The Philippines is one of several lower-income countries with widespread vitamin A deficiency — a dietary condition that affects the immune system and can cause a series of chronic conditions, including blindness. Every year, this deficiency kills over half a million children worldwide, largely because they don’t consume enough beta-carotene. This problem is particularly prevalent in countries where the local diet greatly relies on rice and features few other legumes.

Golden rice has the potential to make a huge impact here — a single portion carries more than half of the daily requirement, which can make all the difference in the world. But while the prototype was unveiled in 1999, few countries have approved it for mass consumption: Australia, Canada, New Zealand, and the United States — all high-income countries with low prevalence of vitamin A deficiency. This lack of wide-scale approval is largely owed to public controversy. Researchers hope that as more and more countries approve this type of crop, the baseless controversy will also be quenched.

The scientific evidence has long shown that golden rice (as well as other GMOs on the market) are safe to plant, process and eat — and more and more governments are starting to understand this. After the Philippines, Bangladesh (a country of 164 million people) is probably next in line.

However, people will have to wait a bit more before they can eat this golden rice. The crop has not yet received the green light for commercial propagation — which is necessary for farmers to plant it in the fields. The International Rice Research Institute, the Philippine-based organization developing the country’s golden rice, plans to submit its application for approval as soon as possible.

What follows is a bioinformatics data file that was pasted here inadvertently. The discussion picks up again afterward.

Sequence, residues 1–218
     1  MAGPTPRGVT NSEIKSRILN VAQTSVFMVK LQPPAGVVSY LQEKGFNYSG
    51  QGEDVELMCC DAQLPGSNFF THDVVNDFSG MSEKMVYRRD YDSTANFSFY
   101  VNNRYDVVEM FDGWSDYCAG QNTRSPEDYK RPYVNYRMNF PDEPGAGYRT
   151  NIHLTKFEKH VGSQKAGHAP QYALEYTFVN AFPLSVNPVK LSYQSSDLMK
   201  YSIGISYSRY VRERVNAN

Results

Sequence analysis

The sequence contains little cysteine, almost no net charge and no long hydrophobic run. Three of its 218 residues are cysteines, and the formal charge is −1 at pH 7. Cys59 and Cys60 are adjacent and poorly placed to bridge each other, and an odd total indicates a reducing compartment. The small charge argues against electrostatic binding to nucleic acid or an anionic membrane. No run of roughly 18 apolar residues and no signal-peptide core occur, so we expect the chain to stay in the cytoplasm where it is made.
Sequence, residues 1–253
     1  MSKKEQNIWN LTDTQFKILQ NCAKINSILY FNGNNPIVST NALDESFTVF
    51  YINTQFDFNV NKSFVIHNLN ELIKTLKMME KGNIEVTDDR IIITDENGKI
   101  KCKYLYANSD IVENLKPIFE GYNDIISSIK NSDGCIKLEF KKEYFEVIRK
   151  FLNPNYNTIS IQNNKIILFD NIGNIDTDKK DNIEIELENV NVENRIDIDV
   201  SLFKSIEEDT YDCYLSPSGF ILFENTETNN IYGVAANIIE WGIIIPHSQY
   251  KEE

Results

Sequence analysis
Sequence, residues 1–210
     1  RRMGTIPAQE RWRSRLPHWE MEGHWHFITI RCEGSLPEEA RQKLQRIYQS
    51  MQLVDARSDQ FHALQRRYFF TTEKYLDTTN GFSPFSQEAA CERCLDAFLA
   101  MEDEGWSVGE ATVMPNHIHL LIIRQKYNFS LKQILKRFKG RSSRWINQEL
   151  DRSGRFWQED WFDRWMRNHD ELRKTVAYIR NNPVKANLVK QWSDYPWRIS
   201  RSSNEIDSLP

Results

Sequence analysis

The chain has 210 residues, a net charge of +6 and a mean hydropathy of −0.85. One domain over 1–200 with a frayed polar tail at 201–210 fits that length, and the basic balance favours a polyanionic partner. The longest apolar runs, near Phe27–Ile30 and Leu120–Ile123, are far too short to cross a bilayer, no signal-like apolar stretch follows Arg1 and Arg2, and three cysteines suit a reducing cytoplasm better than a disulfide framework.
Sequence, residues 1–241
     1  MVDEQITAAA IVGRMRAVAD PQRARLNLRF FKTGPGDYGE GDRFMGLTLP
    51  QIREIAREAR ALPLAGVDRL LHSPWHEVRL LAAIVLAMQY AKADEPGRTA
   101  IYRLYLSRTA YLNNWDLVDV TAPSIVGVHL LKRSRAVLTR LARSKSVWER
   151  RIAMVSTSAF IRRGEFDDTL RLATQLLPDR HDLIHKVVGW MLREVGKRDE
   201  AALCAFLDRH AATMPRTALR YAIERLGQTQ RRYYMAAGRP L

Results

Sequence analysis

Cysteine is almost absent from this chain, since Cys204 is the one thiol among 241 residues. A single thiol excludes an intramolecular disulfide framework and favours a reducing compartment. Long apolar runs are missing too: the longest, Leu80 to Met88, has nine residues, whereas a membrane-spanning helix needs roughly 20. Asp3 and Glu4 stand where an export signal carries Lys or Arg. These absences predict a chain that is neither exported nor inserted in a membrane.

New law would require all Phillipino students to plant 10 trees to graduate

The new environmental law would ensure that at least 175 million new trees are planted each year, while also cultivating environmental awareness among the younger generations.

Mangrove trees in the Philippines. Image credits: Yinan Chen.

It seems a bit random, but the more you think about it, the more sense it seems to make. The “Graduation Legacy for the Environment Act” passed through the House of Representatives. If implemented, it would require all students (elementary, high school and college students) to plant at least 10 trees before being able to graduate. The idea isn’t only to plant more trees, but also to foster a greener culture among the country’s youth.

Gay Alejano, who proposed the bill, explains:

“With over 12 million students graduating from elementary and nearly five million students graduating from high school and almost 500,000 graduating from college each year, this initiative, if properly implemented, will ensure that at least 175 million new trees would be planted each year. In the course of one generation, no less than 525 billion can be planted under this initiative.” He added that “even with a survival rate of only 10 per cent, this would mean an additional 525 million trees would be available for the youth to enjoy.”